I've been planting up a storm elsewhere on the property, though.  Finally, there's a bit of time for such things now that my course has ended :)   I started a lot of plants from seed this year plus received a generous lot of native plants from a friend.  

In the background below, I've grouped lavender and hyssop with a grape vine that my neighbour gave me.  Apparently, hyssop aids the growth and fruit production of grape vines, so I'm going to give it a go.  We struggle to keep lavender alive through our cold winters, but I'm told that this variety should make it if it's planted against the house on the south side (I think it's a Morden). Fingers crossed XO

This lovely peony is in bloom for the first time and was one of my fall bargains last year. I call it my "cheap and ugly rescue operation" because I scout nurseries at the very end of the season and buy up all the sad looking perennials, shrubs and trees at a mere FRACTION of the cost of retail.  This peony was a real find and I'm quite certain that I only paid a dollar or two for it.  i must get another photo of it because now that it's fully open, it has softened to the most delicate, creamy shade of pink.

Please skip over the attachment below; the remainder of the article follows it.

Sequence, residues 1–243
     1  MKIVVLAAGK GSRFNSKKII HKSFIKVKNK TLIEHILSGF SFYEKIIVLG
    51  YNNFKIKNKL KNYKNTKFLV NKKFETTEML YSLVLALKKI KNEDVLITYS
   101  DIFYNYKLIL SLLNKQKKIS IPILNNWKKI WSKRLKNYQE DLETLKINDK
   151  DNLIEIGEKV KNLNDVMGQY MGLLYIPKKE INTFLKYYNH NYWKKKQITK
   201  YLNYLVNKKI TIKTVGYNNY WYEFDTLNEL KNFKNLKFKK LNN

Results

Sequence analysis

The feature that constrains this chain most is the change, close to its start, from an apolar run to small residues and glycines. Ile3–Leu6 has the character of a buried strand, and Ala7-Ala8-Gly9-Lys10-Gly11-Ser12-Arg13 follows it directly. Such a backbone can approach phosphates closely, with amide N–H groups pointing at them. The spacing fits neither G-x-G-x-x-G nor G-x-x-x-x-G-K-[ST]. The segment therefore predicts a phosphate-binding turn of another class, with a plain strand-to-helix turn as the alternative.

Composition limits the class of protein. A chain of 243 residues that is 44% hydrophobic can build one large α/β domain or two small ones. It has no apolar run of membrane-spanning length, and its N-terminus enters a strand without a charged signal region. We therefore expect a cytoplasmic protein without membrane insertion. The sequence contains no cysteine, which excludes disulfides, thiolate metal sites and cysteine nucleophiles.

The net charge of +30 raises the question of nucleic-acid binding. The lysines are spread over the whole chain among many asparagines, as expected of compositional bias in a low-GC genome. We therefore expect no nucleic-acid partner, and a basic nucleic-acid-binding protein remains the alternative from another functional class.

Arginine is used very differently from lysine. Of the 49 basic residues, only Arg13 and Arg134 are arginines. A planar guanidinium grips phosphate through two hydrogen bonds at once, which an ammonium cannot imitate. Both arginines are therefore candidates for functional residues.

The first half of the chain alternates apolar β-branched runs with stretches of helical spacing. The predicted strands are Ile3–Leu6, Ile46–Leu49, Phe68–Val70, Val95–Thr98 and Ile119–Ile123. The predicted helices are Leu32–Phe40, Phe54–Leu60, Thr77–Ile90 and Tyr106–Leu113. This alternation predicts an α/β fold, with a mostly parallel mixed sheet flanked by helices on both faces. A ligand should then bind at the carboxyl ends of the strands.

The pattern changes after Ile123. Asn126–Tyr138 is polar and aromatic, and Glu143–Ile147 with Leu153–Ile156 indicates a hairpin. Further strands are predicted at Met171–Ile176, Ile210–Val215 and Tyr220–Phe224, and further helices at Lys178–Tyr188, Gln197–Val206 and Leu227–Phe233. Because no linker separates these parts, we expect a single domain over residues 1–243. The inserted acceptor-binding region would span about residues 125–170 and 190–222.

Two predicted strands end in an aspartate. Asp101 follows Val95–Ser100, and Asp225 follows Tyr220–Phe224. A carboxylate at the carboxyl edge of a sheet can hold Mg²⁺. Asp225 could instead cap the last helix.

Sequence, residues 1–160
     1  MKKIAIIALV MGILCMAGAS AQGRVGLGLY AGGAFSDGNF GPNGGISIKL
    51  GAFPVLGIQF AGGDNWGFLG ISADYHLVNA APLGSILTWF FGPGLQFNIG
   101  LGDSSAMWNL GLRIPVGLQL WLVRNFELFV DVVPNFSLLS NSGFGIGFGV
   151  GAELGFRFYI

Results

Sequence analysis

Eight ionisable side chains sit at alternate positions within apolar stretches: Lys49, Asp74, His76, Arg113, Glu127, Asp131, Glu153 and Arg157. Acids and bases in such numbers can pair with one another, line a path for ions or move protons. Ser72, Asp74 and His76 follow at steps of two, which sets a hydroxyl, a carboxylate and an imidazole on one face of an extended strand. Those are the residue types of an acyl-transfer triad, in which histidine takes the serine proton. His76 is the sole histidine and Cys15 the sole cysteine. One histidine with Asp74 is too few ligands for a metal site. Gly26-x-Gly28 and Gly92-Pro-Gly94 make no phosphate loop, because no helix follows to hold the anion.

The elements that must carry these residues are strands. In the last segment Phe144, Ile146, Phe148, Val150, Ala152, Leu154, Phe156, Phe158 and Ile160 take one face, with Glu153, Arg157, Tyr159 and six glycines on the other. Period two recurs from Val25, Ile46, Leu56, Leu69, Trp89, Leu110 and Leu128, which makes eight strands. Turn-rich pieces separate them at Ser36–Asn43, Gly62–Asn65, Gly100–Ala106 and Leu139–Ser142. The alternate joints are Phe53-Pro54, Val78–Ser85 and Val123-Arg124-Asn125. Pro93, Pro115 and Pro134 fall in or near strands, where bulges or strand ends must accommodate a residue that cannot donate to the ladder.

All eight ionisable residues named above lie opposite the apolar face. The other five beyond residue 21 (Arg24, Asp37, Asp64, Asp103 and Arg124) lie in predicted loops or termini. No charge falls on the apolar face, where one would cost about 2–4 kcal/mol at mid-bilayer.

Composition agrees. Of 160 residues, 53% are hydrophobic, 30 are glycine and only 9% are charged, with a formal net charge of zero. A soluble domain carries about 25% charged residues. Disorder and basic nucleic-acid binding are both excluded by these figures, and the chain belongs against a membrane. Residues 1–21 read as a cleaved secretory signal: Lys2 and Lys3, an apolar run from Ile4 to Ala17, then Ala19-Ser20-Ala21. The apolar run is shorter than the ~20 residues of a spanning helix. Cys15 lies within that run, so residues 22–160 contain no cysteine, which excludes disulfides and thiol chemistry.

The insects have been very busy this past month visiting all the flowers that are in bloom...

The garden is beautiful right now...  lush, full of colour and alive with the sound of pollinators!   I'm trying to drink it all in as our seasons are short (intense, but short).  

The food is coming in from the garden too - first lots of greens graced the table, and most recently, broccoli, baby carrots and herbs.  

My next sowing of greens is nearly ready to go in the ground...  it's been a good year for them with all the rain we've had.

I picked up some garlic scapes today at the farmer's market and whipped them up into a gorgeous pesto.  I can hardly wait to taste it on some pasta tomorrow.  YUM! 

Next post is my compost update...  WOW - great progress on that!!!